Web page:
Tag Archives: Southern Gothic

A Poet in the Science Library

“Backmasking” by Harold Whit Williams.

One wouldn’t necessarily expect to find a poet in the stacks of a science library, but then again, creativity often occurs in the least anticipated of places.

The Life Science Library boasts among its staff a prize-winning poet, as Library Specialist Harold Whit Williams has garnered praise for his work, which is both a catalog of his experience as a musician, and reflective of his southern heritage. His most recent collection of poems, Backmasking, earned Williams the 2013 Robert Phillips Chapman Poetry Chapbook Prize from Texas Review Press, and his poem “Blues Dreams,” received the 2014 Mississippi Review Poetry Prize.

In some ways, it would seem to make perfect sense that Williams would understand the finer points of cadence and pentameter  — he’s also the guitarist for notable Austin pop band Cotton Mather.

Williams’ first collection of poetry, Waiting For The Fire To Go Out, was published by Finishing Line Press, and his work has appeared in numerous literary journals.

Whit kindly indulged a line of questioning about his poetry, his music and his life at the Libraries. 

When did you start writing poetry? Was it an outcropping of your music?

Harold Whit Williams: I’ve been writing poetry off and on since college days, but started giving serious attention to it, and publishing, now for about seven years.

Strange, but poetry is a totally separate thing to me from songwriting. As a guitarist first, my songs, or the guitar parts I play in Cotton Mather, happen musically first. Then lyrics come later. But with poetry, it’s all wordplay from the get-go, and the musicality in the words themselves tend to direct where I go in a poem.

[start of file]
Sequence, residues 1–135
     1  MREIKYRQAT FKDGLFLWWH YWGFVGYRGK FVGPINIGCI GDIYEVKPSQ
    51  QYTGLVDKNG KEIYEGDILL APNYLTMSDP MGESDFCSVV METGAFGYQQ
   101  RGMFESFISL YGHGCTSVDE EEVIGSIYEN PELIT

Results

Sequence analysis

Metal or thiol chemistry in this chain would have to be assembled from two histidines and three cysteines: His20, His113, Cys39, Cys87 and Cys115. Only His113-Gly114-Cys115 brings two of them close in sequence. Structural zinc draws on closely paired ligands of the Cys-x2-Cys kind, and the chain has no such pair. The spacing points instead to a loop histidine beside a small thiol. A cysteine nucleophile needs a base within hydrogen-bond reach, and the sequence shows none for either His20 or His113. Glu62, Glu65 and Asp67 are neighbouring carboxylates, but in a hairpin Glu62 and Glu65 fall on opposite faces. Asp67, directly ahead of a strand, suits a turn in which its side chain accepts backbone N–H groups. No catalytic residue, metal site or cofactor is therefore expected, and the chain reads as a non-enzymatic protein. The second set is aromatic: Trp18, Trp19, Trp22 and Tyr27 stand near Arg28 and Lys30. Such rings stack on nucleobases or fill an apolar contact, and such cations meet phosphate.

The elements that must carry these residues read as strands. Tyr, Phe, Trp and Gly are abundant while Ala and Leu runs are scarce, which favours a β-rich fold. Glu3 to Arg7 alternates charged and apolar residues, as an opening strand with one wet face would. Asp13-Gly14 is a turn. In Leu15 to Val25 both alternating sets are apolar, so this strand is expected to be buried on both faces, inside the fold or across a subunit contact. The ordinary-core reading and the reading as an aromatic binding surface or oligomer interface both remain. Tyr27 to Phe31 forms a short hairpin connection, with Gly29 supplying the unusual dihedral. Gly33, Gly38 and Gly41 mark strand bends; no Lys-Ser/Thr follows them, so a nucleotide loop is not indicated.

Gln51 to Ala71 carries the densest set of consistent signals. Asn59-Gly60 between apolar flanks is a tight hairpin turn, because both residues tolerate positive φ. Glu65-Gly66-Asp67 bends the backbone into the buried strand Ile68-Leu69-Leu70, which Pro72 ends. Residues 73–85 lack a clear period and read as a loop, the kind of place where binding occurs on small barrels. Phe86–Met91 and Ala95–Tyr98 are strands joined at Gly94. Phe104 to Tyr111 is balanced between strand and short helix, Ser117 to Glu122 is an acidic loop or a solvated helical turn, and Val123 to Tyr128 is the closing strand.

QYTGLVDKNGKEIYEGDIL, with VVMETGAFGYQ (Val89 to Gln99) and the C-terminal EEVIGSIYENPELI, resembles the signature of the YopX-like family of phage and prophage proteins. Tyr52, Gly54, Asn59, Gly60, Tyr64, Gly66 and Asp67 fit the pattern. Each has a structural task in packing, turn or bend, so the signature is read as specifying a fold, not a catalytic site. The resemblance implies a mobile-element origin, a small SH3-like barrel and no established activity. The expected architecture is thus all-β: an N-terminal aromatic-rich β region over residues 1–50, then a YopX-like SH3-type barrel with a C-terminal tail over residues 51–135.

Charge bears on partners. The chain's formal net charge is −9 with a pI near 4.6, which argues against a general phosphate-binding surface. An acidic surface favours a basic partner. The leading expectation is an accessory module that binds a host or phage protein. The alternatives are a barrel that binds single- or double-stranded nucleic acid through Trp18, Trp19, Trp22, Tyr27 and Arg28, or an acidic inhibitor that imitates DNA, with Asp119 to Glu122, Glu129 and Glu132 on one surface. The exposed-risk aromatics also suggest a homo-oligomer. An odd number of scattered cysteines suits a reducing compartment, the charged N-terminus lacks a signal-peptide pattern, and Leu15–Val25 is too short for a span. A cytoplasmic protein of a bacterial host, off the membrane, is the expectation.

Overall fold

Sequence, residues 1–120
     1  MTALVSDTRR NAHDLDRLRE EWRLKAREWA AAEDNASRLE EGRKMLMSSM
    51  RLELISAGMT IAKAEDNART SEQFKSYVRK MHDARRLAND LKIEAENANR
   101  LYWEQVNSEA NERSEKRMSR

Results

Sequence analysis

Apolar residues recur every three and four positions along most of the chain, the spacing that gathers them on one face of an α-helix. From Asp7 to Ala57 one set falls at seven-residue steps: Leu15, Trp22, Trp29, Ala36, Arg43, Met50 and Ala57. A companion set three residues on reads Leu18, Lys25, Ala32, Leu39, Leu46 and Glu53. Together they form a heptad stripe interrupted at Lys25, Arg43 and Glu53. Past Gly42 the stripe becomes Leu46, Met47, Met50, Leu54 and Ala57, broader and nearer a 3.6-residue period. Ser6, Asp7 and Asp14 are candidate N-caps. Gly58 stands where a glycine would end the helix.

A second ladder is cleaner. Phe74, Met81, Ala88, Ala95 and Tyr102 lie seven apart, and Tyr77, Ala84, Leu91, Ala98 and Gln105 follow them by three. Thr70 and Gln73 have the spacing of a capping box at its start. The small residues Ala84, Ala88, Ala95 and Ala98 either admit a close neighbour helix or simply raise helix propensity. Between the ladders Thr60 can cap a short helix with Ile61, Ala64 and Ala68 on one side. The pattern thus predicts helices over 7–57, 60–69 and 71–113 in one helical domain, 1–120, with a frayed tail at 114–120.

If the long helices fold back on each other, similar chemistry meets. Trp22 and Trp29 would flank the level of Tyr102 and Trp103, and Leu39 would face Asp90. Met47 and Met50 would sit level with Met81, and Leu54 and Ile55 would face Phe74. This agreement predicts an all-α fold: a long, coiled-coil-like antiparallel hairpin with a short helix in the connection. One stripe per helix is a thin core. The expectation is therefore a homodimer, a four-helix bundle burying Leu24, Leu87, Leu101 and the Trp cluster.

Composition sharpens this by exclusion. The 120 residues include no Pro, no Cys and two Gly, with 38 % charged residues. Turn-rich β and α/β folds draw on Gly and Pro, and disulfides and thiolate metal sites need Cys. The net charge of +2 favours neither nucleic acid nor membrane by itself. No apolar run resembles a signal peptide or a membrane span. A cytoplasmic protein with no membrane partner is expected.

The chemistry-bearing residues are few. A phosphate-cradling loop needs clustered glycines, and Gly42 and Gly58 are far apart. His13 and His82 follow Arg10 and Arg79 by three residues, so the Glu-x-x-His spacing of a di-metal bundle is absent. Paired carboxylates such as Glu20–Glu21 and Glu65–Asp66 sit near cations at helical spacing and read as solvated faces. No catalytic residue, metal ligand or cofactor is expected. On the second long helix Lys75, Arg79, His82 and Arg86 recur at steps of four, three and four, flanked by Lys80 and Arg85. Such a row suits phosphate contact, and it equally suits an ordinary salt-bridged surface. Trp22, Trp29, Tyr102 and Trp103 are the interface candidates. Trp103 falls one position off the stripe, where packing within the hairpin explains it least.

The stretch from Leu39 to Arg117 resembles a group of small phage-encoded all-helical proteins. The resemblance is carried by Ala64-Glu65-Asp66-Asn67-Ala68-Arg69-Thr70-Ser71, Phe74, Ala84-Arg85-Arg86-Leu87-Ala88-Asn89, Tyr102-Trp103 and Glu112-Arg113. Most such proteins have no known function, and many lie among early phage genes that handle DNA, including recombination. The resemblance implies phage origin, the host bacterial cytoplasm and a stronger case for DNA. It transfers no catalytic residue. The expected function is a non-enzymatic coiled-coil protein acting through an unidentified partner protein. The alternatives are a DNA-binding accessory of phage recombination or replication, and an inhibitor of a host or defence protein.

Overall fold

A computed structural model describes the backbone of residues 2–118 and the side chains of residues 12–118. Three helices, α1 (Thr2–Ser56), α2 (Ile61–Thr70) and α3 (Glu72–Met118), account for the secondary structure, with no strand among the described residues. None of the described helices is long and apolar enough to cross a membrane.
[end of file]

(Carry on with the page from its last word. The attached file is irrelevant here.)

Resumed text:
Does the inspiration for poetry and music come from the same place, even though the jumping off point is different? Or are they driven by different urges? 

HWW: Good question. What makes me plug in an electric guitar and make loud horrendous noise has to come from a much different urge than the one making me get to a quiet place, alone, to jot down a poem. Continue reading

Tennessee at College

 

Playbill for The Garden Players production of "Cairo, Shanghai, Bombay" by Bernice Dorothy Shapiro and Tom Williams, July 12, 1935. Courtesy of the Harry Ransom Center.

For once, we’re pretty happy that a lack of space has become an issue on campus.

Thanks in no small part to the ridiculously extensive Tennessee Williams holdings at the Harry Ransom Center, the Fine Arts Library has gotten the chance to host an overflow exhibit of materials related to the HRC’s massive homage to the Southern Gothic playwright, “Becoming Tennessee Williams.”

The companion exhibit at FAL, “Tennessee Williams, the College Years” features a limited number of items from Williams’s time in the academy – both at the University of Missouri, Columbia, and at the University of Iowa – including photos, correspondence, manuscripts and more.

The exhibition opens today and runs through July 31 in the Roberts Reading Room at FAL, where it can be viewed Monday through Thursday, 8 a.m. to 10 p.m., Friday, 8 a.m. to 5 p.m., and weekends from noon to 5 p.m.